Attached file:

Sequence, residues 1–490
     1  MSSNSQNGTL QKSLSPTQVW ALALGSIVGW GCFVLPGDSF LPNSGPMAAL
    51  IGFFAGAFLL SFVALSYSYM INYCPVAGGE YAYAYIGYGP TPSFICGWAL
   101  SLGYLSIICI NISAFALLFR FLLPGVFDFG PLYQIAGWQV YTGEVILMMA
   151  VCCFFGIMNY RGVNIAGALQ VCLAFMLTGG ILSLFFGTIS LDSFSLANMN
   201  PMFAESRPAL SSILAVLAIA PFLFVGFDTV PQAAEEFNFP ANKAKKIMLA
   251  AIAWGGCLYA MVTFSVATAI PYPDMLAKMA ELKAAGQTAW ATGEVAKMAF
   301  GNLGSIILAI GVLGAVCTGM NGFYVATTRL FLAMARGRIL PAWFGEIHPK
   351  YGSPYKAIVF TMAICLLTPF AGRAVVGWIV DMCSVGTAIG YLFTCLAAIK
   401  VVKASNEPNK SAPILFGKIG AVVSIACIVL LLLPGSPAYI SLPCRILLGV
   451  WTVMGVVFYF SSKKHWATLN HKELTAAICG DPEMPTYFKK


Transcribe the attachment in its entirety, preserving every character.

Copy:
Sequence, residues 1–490
     1  MSSNSQNGTL QKSLSPTQVW ALALGSIVGW GCFVLPGDSF LPNSGPMAAL
    51  IGFFAGAFLL SFVALSYSYM INYCPVAGGE YAYAYIGYGP TPSFICGWAL
   101  SLGYLSIICI NISAFALLFR FLLPGVFDFG PLYQIAGWQV YTGEVILMMA
   151  VCCFFGIMNY RGVNIAGALQ VCLAFMLTGG ILSLFFGTIS LDSFSLANMN
   201  PMFAESRPAL SSILAVLAIA PFLFVGFDTV PQAAEEFNFP ANKAKKIMLA
   251  AIAWGGCLYA MVTFSVATAI PYPDMLAKMA ELKAAGQTAW ATGEVAKMAF
   301  GNLGSIILAI GVLGAVCTGM NGFYVATTRL FLAMARGRIL PAWFGEIHPK
   351  YGSPYKAIVF TMAICLLTPF AGRAVVGWIV DMCSVGTAIG YLFTCLAAIK
   401  VVKASNEPNK SAPILFGKIG AVVSIACIVL LLLPGSPAYI SLPCRILLGV
   451  WTVMGVVFYF SSKKHWATLN HKELTAAICG DPEMPTYFKK